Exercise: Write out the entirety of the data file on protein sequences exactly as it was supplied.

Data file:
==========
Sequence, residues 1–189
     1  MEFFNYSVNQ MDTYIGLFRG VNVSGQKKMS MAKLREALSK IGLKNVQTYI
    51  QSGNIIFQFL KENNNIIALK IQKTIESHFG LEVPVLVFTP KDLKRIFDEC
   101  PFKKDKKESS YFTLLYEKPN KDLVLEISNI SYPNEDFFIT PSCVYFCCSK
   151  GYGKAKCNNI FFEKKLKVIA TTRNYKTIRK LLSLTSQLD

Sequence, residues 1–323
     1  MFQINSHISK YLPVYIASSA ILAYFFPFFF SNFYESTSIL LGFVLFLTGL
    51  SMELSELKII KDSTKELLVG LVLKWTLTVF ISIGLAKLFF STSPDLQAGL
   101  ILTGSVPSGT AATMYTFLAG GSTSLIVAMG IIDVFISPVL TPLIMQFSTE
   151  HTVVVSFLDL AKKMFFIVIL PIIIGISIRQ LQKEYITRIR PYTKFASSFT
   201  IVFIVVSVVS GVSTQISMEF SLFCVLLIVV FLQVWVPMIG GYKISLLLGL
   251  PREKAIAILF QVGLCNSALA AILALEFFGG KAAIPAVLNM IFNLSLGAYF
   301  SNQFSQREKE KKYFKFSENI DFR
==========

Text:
Sequence, residues 1–189
     1  MEFFNYSVNQ MDTYIGLFRG VNVSGQKKMS MAKLREALSK IGLKNVQTYI
    51  QSGNIIFQFL KENNNIIALK IQKTIESHFG LEVPVLVFTP KDLKRIFDEC
   101  PFKKDKKESS YFTLLYEKPN KDLVLEISNI SYPNEDFFIT PSCVYFCCSK
   151  GYGKAKCNNI FFEKKLKVIA TTRNYKTIRK LLSLTSQLD

Sequence, residues 1–323
     1  MFQINSHISK YLPVYIASSA ILAYFFPFFF SNFYESTSIL LGFVLFLTGL
    51  SMELSELKII KDSTKELLVG LVLKWTLTVF ISIGLAKLFF STSPDLQAGL
   101  ILTGSVPSGT AATMYTFLAG GSTSLIVAMG IIDVFISPVL TPLIMQFSTE
   151  HTVVVSFLDL AKKMFFIVIL PIIIGISIRQ LQKEYITRIR PYTKFASSFT
   201  IVFIVVSVVS GVSTQISMEF SLFCVLLIVV FLQVWVPMIG GYKISLLLGL
   251  PREKAIAILF QVGLCNSALA AILALEFFGG KAAIPAVLNM IFNLSLGAYF
   301  SNQFSQREKE KKYFKFSENI DFR